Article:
(b) about 10 to about 69% by weight (C3 -C30) ethylenically-unsaturated, ionizable monomer, and
(c) about 0.1 to about 90% by weight nonionic (C2 -C30) ethylenically-unsaturated monomer, and
(d) 0 to about 10% by weight multi-functional compounds;
(B) the ionically-soluble polymer is physically or chemically attached to the polymer particle such that, upon neutralizing the ionically-soluble polymer with base or acid, at least a portion of said ionically-soluble polymer remains attached to the remainder of the polymer particle; and
(C) the ionically-soluble polymer comprises from about 1 % to about 99% by weight of the polymer particle.
5. The method of claim 1 wherein said air entraining agent is selected from the group consisting of fatty alkanolamides, ethoxylated fatty amines, ethoxylated fatty acids, ethoyxylated triglycerides, ethoxylated alkylphenols, ethoxylated alcohols, alkyl ethoyxylated, alkylaryl ethoxylates, amine ethoxylates, amine oxides, betaines, fatty alkyl ether sulfates, fatty alkylaryl ether sulfates, alkyl benzene sulfonates, sulfosuccinates, and fatty sulfonates.
6. The method of claim 5 wherein said air entraining agent comprises ethylene oxide groups.
7. The method of claim 1 further comprising introducing a set retarder into said mortar cement.
8. The method of claim 1 further comprising introducing into said mortar cement an EO/PO comb polymer.
9. The method of claim 1 wherein said multi-stage polymer comprises an alkali-soluble acrylic polymer emulsion.
Description
FIELD OF THE INVENTION

The present invention relates to additives for hydraulic cement compositions. More particularly, this invention concerns additives for hydraulic cement which are particularly useful in Portland cement compositions such as masonry cements used for bonding bricks, blocks, and other masonry units.

BACKGROUND OF THE INVENTION

Portland masonry cements are compositions produced particularly for use by masons in the bonding of bricks, blocks, and other masonry units. Such cements are typically mixed prior to use with a fine aggregate, usually sand, and water. It is desirable that the wet mortar have a high degree of plasticity for working (e.g., trowelling) by the mason, as well as other desirable properties such as good "board life" (i.e., a long working time).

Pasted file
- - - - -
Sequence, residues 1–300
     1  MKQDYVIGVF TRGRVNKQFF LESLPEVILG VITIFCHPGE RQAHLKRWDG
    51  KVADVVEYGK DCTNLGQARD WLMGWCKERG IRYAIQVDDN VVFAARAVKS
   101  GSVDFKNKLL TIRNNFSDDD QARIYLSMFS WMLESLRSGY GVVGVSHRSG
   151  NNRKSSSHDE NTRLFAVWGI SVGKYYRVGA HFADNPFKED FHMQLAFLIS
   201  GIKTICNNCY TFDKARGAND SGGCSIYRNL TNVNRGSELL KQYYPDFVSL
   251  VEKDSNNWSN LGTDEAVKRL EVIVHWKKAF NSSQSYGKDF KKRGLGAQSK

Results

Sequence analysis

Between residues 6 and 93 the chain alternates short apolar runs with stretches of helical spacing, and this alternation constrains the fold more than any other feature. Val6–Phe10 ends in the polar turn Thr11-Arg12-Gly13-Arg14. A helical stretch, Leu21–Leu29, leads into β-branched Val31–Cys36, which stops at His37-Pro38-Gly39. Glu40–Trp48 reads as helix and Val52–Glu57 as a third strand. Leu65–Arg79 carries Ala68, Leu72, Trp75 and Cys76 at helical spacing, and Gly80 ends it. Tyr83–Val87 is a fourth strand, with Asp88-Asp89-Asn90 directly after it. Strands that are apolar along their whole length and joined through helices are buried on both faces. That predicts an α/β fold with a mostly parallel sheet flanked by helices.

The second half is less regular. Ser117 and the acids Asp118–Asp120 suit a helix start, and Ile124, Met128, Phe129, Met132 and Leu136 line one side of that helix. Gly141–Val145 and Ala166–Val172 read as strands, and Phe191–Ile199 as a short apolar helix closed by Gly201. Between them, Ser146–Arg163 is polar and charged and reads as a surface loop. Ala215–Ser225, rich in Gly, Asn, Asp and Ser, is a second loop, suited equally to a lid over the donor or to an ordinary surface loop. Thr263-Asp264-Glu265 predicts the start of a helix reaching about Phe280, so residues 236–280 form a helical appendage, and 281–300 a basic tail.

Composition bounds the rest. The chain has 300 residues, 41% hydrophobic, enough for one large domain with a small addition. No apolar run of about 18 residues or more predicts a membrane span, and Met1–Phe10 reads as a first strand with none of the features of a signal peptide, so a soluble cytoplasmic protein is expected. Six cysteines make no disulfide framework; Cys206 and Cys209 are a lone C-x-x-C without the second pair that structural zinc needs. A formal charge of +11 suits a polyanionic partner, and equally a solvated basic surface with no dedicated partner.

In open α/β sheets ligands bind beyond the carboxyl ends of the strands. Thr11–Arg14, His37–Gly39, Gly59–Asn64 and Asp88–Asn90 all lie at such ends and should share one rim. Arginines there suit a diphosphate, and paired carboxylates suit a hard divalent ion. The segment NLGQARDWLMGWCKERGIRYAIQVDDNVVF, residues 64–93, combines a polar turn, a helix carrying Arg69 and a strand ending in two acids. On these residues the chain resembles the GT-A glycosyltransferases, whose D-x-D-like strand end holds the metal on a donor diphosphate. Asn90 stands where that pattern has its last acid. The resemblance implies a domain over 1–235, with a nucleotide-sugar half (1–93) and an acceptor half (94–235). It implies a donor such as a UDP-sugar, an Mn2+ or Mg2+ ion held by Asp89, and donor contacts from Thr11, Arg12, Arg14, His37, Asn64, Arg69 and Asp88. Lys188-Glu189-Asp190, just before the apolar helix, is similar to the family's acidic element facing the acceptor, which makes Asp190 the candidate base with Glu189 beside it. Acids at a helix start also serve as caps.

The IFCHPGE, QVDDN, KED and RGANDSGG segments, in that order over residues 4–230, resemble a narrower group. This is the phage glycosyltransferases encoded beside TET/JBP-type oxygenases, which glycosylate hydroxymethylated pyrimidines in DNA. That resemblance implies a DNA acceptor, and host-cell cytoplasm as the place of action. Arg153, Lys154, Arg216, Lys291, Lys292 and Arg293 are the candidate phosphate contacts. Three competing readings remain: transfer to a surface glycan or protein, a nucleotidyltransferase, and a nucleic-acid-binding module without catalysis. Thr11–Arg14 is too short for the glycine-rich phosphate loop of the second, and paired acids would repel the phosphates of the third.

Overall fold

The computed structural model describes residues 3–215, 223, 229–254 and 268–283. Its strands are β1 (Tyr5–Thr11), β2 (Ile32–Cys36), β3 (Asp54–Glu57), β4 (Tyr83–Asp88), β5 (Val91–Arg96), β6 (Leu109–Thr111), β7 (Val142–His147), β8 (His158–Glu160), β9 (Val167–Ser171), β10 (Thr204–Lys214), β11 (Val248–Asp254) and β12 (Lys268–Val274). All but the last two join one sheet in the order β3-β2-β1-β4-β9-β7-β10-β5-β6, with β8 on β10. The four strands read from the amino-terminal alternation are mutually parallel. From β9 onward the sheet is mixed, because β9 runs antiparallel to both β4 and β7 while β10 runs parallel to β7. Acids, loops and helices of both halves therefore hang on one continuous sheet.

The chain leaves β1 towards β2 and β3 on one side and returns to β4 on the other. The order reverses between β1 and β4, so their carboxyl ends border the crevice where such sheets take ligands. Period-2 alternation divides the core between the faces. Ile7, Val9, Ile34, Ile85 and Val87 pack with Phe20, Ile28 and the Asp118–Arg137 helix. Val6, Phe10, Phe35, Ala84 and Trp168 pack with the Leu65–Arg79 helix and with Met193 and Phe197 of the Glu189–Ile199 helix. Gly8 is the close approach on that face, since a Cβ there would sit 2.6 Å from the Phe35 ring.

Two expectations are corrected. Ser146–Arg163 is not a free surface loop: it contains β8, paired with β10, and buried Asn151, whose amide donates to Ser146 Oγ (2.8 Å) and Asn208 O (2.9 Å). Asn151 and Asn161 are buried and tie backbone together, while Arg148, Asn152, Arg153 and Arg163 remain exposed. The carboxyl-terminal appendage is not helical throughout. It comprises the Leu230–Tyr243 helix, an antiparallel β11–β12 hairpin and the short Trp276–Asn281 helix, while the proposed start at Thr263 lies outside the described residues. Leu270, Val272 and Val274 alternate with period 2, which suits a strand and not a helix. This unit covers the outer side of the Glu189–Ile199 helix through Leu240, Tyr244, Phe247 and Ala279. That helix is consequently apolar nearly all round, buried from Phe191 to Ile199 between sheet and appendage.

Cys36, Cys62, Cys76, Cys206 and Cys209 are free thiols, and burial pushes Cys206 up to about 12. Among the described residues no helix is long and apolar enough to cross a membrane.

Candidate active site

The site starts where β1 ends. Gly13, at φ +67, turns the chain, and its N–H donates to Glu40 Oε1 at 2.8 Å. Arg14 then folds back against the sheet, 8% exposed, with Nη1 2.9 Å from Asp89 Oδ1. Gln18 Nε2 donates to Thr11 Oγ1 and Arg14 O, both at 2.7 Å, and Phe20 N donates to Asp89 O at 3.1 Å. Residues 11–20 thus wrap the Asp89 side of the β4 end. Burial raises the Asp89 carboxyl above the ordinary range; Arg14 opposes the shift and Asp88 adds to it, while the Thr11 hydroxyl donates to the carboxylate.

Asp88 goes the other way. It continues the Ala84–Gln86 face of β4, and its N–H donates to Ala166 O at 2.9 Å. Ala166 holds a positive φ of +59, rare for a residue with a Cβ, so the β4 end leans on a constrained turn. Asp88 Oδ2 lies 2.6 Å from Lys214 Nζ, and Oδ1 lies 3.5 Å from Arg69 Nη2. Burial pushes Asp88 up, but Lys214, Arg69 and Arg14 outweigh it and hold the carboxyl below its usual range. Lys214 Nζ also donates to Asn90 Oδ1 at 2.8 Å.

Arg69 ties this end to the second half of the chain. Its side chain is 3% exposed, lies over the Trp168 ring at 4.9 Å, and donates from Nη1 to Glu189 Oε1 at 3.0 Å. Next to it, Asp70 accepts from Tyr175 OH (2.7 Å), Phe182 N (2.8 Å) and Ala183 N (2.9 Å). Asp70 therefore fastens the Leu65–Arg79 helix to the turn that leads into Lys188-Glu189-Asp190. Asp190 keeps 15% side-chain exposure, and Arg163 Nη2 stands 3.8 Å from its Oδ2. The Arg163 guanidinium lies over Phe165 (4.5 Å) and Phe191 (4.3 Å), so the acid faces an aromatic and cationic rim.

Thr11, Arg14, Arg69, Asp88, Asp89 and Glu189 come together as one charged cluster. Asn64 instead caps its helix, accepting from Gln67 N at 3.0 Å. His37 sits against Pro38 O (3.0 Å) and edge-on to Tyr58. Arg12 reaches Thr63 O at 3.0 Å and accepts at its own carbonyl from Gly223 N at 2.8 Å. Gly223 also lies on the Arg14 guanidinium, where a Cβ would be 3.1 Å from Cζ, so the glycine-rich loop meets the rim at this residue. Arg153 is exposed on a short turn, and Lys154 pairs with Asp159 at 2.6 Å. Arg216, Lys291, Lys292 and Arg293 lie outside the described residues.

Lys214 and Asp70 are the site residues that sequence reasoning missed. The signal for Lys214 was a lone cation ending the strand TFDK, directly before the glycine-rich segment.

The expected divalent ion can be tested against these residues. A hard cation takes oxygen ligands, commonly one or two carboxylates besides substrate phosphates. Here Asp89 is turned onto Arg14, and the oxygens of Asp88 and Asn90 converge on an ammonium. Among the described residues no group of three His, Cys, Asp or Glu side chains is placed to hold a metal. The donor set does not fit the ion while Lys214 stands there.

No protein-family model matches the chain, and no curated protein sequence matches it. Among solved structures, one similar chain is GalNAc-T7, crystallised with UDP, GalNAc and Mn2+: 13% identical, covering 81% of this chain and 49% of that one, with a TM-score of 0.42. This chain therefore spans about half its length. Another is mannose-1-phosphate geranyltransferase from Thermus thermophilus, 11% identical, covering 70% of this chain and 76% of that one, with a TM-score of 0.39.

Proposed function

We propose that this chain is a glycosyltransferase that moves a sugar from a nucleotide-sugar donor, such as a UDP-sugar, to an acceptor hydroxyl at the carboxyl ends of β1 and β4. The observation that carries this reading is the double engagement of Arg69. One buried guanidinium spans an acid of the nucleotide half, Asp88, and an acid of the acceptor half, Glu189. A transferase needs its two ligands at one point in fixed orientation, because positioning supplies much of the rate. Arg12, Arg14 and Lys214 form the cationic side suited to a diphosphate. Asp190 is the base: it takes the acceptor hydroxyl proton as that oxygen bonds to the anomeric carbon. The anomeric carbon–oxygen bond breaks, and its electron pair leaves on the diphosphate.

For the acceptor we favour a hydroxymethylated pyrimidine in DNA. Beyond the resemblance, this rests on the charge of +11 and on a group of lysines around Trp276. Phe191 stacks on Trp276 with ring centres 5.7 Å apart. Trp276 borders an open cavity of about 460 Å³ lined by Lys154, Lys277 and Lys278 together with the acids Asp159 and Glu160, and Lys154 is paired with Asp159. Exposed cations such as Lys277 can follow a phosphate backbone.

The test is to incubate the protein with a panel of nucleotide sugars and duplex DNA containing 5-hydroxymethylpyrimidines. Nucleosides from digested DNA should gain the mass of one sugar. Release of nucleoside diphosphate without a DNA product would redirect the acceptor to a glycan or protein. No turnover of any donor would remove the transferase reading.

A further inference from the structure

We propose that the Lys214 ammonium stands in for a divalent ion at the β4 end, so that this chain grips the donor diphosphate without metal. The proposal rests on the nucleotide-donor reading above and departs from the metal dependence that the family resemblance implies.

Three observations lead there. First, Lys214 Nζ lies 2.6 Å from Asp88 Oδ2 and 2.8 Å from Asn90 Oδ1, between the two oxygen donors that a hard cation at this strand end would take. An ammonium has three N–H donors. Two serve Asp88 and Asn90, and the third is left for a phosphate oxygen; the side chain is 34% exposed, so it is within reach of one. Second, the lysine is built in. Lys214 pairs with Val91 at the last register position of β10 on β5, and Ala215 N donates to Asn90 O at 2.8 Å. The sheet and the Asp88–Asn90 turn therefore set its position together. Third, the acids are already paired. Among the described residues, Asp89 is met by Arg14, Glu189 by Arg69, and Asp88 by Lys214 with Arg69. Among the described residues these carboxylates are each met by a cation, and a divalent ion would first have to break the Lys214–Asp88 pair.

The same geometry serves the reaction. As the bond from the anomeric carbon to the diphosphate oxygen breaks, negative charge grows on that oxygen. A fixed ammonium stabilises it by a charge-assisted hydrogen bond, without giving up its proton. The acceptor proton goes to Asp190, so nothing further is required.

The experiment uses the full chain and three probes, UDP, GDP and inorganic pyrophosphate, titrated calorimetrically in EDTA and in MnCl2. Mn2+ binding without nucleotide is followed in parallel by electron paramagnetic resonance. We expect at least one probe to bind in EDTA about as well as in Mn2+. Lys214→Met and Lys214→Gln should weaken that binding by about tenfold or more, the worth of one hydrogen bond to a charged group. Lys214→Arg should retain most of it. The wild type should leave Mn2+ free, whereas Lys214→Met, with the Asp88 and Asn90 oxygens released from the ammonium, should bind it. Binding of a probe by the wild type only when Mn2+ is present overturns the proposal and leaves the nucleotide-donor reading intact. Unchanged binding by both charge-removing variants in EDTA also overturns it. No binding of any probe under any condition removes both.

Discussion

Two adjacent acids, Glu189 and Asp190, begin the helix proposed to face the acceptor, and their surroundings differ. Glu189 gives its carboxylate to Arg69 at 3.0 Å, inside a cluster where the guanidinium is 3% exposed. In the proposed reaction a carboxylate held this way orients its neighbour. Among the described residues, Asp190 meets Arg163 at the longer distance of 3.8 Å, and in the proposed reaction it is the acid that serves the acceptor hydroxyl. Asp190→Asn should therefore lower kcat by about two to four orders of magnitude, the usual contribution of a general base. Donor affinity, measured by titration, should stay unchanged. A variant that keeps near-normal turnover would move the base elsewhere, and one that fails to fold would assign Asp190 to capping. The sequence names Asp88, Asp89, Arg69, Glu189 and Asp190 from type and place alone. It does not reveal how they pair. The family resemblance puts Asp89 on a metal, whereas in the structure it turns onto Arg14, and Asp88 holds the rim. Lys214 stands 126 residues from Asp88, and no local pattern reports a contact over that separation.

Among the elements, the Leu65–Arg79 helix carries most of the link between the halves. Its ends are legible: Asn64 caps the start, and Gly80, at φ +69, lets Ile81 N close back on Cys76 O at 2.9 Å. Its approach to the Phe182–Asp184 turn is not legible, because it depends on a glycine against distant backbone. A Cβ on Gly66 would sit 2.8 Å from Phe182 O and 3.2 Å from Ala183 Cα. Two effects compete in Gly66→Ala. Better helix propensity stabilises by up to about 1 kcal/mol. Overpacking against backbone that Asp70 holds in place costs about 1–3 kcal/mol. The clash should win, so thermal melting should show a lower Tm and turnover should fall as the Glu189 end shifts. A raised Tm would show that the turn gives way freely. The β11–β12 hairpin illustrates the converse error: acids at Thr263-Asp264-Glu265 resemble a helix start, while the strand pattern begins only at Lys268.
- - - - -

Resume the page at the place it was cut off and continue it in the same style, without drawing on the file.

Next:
Masonry cements are produced by intergrinding Portland cement (containing gypsum for proper setting time regulation), with, generally, from about 20 to 65%, based on the total weight, of a solid material such as limestone, chalk, talc, pozzolans, clay, gypsum, or combinations of such. Limestone is most often the ingredient interground with the Portland cement because of its good plasticity enhancing properties. Such masonry cements are ground to a greater degree of fineness than most Portland cements intended for use in structural concretes. The finer grind of masonry cements improves the plasticity of the finished mortar products.

As discussed in U.S. Pat. No. 5,294,256, additive products are sold for mixture with the masonry cement to add certain desirable properties to the masonry cement composition. It is common practice to mix such additive products with the cement during the intergrinding of the cement with the gypsum, limestone, etc.

In U.S. Pat. Nos. 3,865,601 and 3,885,985, additive products of the above type are described. The additives described therein comprise an aqueous oil-in-water emulsion containing water, a water-insoluble, water-repelling acid component (e.g., tall oil), an emulsifier (e.g., a salt of such an acid), and a setting time retarding agent (e.g., sucrose). This additive product is advantageously dispersible in water which reduces the risk of it being overdosed. The additive may also contain an air-entraining agent as an additional optional component..

An improved emulsion additive product is described in U.S. Pat. No. 4,375,987. In addition to the above constituents, this additive comprised an emulsion stabilizer such as glycol which prevents an oil-in-water emulsion from destabilizing when exposed to freezing temperatures during shipping or storage prior to use.